Platelet-Rich Plasma: Can It Have An Impact For Plantar Fasciitis?
Platelet rich plasma (PRP) has been in use for decades in various medical disciplines and recently has shown some promise in treating heel pain. This author discusses how PRP fits into his treatment regimen for chronic plantar fasciitis and offers a detailed guide to collecting and injecting PRP.
Plantar fasciitis is a very common condition of the heel. It is the most commonly diagnosed cause of heel pain and will affect about 1 million people each year.1 Plantar fasciitis has received a great deal of study over several decades. Most of these studies have focused on simplifying the diagnosis and the treatment of the disease. Over the years, we have learned much to narrow down the condition’s etiology and the treatment options that work best. The goal has always been to diagnose the problem properly and quickly return patients to daily life and activity.
Researchers have identified many conservative treatments for plantar fasciitis. Ninety percent of patients with plantar fasciitis will improve with conservative treatments.1 I have adopted a diagnosis and treatment protocol that depends on the acute or chronic and recalcitrant nature of plantar fasciitis. When a patient presents with heel pain lasting less than four to six months, I will implement protocol “A.” I will use protocol “B” for those with heel pain lasting more than four to six months.
When I suspect plantar fasciitis, after taking a complete history, the clinical examination will consist of a thorough neurological and musculoskeletal examination. This rules out any other less common causes of heel pain like tarsal tunnel syndrome. I obtain plain radiographs of bilateral heels. It is important to compare the radiograph with the contralateral heel to help rule out other pathologies. Evidence of a plantar calcaneal spur should only help the clinician determine the chronicity of the tightness of the ligament unless the spur is fractured. An ultrasound examination determines the thickness of the ligament. A measurement above 5 mm is considered pathologic. When I am satisfied that the diagnosis is plantar fasciitis and the pain has been present less than four to six months, I implement protocol A.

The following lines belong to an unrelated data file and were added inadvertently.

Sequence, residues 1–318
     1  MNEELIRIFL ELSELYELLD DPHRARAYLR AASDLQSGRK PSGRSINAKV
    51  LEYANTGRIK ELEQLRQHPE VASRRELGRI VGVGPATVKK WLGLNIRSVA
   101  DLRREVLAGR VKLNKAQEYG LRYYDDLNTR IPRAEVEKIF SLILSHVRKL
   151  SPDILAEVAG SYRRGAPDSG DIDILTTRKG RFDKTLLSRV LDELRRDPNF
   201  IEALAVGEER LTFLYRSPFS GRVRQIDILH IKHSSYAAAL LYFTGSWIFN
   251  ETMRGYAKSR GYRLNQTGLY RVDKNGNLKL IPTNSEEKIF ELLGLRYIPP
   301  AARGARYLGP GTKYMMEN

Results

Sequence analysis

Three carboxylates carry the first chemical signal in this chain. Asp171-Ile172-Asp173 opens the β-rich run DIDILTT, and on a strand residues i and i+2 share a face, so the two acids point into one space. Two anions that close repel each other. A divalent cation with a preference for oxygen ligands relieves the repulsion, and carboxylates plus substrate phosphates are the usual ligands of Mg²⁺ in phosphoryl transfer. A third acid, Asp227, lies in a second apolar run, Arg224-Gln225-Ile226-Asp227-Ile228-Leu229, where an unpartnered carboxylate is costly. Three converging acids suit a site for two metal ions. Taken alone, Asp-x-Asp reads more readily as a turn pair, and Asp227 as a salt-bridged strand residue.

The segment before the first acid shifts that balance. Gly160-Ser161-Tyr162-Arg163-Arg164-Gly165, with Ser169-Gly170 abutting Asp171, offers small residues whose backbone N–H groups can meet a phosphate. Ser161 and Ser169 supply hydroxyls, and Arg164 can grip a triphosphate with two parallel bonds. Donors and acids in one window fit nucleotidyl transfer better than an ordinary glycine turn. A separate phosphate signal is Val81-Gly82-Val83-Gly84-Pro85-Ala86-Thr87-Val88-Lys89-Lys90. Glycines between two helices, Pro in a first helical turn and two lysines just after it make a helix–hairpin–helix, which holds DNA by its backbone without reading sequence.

A Closer Look At The Author’s Treatment Protocols
Protocol A. The patient will begin a strict two-week regimen including the following: rest from increased activity and an icing program of 10 to 15 minutes per treatment two to three times a day. The patient begins using an anti-inflammatory consistently for 10 to 14 days. I educate the patient on the extensive stretching program involving stretches of the calf and plantar fascia. Stretches before weightbearing out of bed or from long periods of rest are especially important. I educate patients on the use of appropriate shoe gear and advise them not to be barefoot or use sandals or flats even in the home. I also advise patients on the benefits of custom-molded orthotics in the treatment and prevention of plantar fasciitis. I recommend a cortisone injection at the initial visit in cases in which there is significant acute pain with weightbearing.
The patient returns in two weeks for re-evaluation. At this time, if there is improvement, the treatment continues. If there is no improvement or the condition is worse, I recommend a cortisone injection along with a four- to six-week course of physical therapy. If these conservative measures fail, use protocol B.
Protocol B. After four to six months of failed treatment or no treatment, one may consider the condition to be more chronic than acute. In these circumstances, order a magnetic resonance image (MRI) to evaluate the soft tissue and bone around the heel. In some cases, the MRI may reveal no pathology and no evidence of plantar fasciitis. When all other clinical and examination findings still point to a diagnosis of plantar fasciitis, it could still be present in the absence of MRI findings. This may be due to the lack of inflammation in a more chronic state that will not show on an MRI.